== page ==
Fig 7. JavaScript configuration in workflow to limit the number of executions

Next, define the File transfer activity to upload files from an SFTP location to AWS S3. I’ve chosen three files here.

Adobe Campaign: Sample files in SFTP location
Fig 8. Sample files in SFTP location
Adobe Campaign File transfer activity
Fig 9. Asterisk used in source path in File transfer activity of the workflow

The code to be used in the Advanced JavaScript code activity is shown below.

Advanced javascript code activity in Adobe Campaign
Fig 10. Advanced JavaScript code activity

If the flag value is 1, it is reset to 0, and transition “True” is triggered, or else, transition “False” is triggered. Transition “True” goes to an Alert activity to send out an email notification for successful file transfer. This Alert activity is followed by the End activity “End 1”. Transition “False” goes to “End 2” (See Fig. 11).

After the workflow is executed, all three files will be uploaded in the AWS S3 path (See Fig. 12), and “Advanced JavaScript code” will be triggered three times. However, the email notification is triggered only once as the “True” transition is triggered only once. 

Successful execution of workflow in Adobe Campaign
Fig 11. Workflow executed successfully
Files from SFTP path uploaded in AWS S3 bucket
Fig 12. Files from SFTP path uploaded in AWS S3 bucket

To know if multiple calls were ignored, you can also add logInfo(“Text”) command in the Advanced section of the End 2 activity as shown below.

Script to display log in Advanced tab of Adobe Campaign
Fig 13. Script to display log in Advanced tab of End activity

To view the output after workflow execution, right-click End 2 activity and select Display logs.

Log of End activity in Adobe Campaign
Fig 14. Log of End activity shows that two triggers were skipped

4. Add More Campaign Activities After Email Delivery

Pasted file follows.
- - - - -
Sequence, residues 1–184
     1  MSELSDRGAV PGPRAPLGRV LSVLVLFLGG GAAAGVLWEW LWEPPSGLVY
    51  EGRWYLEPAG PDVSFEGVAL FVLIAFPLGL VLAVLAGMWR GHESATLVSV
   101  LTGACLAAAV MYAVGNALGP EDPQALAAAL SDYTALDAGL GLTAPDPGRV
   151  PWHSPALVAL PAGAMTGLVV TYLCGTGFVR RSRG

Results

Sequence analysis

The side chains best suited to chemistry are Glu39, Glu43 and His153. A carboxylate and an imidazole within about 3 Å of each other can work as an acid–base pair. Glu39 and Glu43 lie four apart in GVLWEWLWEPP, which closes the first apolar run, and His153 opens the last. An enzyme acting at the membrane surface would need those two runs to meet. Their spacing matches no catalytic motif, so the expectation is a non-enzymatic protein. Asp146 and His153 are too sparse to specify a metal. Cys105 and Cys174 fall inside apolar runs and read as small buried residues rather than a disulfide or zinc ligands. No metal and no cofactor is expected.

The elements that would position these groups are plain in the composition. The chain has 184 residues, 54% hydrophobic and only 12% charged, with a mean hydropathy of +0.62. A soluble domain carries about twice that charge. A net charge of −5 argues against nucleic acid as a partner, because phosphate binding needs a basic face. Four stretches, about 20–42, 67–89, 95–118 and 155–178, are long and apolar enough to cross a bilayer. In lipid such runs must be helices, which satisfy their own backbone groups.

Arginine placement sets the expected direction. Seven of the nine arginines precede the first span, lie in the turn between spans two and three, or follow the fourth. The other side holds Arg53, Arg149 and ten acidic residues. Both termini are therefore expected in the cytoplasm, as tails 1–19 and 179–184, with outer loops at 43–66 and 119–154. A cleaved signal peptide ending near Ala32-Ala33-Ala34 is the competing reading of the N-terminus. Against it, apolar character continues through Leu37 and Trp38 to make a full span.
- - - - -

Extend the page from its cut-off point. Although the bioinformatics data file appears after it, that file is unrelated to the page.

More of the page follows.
Campaign workflows usually end with a Delivery activity. But you can add another activity after a Delivery activity (for example, you need to send a success alert mail to a group of users after sending a campaign). Right-click the activity and select Open. Then check Generate an outbound transition and click OK. This will generate an outbound transition to add the next activity.

Email delivery activity in Adobe Campaign
Fig 15. Email delivery activity in Adobe Campaign
Email delivery activity in Adobe Campaign
Fig 16. Email delivery activity in Adobe Campaign

Well, it is as simple as that, though it’s hard to figure out on your own the first time!

5. Unpublish Web Applications Under Maintenance

To modify a published landing page, you have to temporarily close the application for maintenance. But there is no unpublish option in Adobe Campaign! Here’s a simple trick to circumvent the problem. 

Right-click the web application you want to unpublish and go to Actions. Select Publish. In the New status of the application drop-down menu, select Closed and click Start. The page URL will no longer be accessible online. (You can use the same method to stow away unused applications for future reference without deleting them.) Once the maintenance is complete, you can Publish the page again from the Web application dashboard.

Tip to unpublish web applications in Adobe Campaign
Fig 17. Selecting Actions for a web application
Publication wizard in Adobe Campaign
Fig 18. Publication wizard

If you try to access the URL of the closed page, it will throw up an error message. If you like to redirect to a maintenance page instead, a flag can be set for a given time frame. Then, make a transition to the maintenance page or landing page based on test conditions as shown below.

 Sample web application workflow in Adobe Campaign
Fig 19. Sample web application workflow
Adobe Campaign: Script to set duration for which the webpage is down
Fig 20. Script to set duration for which the webpage is down
Checking conditions for branching in Adobe Campaign
Fig 21. Test activity in web application to check conditions for branching

Once the above code changes are made, do remember to publish the web application again to reflect the changes.

In Closing…

It takes time and patience to master Adobe Campaign. So hang in there! If you are still struggling to get it right or not getting the desired results from your Adobe Campaign implementation, you can reach out to our team for help